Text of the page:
A hard currency is expected to remain relatively stable through a short period of time, and to be highly liquid in the forex or foreign exchange (FX) market. The most tradable currencies in the world are the U.S. dollar (USD), European euro (EUR), Japanese yen (JPY), British pound (GBP), Swiss franc (CHF), Canadian dollar (CAD) and the Australian dollar (AUD).1 All of these currencies have the confidence of international investors and businesses because they are not generally prone to dramatic depreciation or appreciation.
The U.S. dollar stands out in particular as it enjoys status as the world’s foreign reserve currency.2 For this reason, many international transactions are done in U.S. dollars. Moreover, if a country’s currency begins to soften, citizens will begin holding U.S. dollars and other safe haven currencies to protect their wealth.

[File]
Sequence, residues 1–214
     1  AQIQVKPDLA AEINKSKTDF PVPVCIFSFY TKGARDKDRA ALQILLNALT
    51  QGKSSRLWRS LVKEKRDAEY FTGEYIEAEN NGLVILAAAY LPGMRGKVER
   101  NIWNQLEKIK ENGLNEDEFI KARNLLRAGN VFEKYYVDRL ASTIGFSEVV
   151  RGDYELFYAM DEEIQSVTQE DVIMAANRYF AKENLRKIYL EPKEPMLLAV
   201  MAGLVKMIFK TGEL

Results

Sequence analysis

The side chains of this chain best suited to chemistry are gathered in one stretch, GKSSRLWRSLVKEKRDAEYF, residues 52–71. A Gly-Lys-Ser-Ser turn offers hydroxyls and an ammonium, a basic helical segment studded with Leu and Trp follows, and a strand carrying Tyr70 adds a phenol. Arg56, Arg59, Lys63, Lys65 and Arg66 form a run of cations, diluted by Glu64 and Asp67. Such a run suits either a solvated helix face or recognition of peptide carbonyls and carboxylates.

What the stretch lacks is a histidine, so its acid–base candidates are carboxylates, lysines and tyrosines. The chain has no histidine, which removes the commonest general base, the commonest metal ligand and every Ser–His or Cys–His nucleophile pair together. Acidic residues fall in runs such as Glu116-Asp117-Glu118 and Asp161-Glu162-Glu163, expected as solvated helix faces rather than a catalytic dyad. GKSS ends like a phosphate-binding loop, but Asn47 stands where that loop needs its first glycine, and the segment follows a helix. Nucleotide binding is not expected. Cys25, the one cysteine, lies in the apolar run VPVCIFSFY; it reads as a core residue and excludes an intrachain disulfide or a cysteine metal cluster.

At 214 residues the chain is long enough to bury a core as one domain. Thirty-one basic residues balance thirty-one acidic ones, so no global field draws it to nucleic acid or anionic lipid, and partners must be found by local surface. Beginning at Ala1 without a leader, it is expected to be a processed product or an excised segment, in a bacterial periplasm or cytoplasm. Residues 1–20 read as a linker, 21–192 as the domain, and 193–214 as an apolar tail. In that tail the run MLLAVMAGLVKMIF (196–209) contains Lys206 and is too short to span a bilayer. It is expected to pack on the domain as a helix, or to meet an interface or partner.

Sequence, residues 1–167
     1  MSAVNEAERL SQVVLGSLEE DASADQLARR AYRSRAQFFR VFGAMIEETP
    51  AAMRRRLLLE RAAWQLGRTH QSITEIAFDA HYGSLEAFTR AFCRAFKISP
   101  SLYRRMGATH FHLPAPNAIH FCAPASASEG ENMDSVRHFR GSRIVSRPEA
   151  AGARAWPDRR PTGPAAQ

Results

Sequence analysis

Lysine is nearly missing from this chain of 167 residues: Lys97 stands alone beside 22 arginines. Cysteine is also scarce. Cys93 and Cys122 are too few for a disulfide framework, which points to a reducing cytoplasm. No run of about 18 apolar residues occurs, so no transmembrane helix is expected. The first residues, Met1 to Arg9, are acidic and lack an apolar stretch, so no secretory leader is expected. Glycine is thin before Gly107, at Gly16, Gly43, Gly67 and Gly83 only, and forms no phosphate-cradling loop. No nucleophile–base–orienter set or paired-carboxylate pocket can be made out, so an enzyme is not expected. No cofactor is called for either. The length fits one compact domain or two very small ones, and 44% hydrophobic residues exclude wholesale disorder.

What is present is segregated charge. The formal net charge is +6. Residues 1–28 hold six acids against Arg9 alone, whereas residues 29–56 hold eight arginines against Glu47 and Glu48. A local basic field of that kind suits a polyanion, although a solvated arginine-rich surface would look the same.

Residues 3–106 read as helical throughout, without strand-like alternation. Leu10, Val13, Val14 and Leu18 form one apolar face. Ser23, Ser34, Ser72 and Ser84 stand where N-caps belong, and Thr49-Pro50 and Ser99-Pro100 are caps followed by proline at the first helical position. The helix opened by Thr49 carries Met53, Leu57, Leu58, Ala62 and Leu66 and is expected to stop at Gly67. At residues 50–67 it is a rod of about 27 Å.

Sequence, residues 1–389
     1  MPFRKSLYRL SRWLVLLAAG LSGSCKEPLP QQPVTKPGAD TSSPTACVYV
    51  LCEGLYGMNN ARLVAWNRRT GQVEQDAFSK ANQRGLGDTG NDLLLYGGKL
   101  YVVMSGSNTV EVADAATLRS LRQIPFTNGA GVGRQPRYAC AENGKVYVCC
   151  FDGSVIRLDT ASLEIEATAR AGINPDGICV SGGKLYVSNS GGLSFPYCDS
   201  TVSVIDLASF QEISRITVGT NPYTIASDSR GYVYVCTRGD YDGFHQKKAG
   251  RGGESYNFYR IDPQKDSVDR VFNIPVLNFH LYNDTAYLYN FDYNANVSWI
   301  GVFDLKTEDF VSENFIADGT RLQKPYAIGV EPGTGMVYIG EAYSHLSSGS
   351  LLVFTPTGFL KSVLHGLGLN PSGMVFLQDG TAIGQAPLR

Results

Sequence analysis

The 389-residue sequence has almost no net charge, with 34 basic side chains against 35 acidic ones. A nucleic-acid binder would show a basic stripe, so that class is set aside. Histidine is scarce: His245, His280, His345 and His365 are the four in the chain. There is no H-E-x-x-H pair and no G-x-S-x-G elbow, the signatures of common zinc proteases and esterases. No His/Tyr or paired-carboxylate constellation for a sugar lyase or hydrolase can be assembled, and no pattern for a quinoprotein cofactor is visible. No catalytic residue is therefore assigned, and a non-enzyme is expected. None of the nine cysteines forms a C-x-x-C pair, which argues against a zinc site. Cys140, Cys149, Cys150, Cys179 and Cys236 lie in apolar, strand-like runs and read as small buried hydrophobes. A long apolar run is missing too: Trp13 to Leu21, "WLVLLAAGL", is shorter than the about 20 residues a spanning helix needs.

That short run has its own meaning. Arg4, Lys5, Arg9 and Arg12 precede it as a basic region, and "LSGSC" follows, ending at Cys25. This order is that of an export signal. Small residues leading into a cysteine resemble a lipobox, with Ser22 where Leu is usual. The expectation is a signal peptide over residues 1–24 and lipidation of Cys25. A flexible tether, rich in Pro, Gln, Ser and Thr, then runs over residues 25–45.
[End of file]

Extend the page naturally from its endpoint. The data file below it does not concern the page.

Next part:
- Hard currencies act as a liquid store of wealth and a safe haven when domestic currencies struggle.
- Hard currencies come from countries with stable economies and political systems.
- The opposite of hard currency is a soft currency.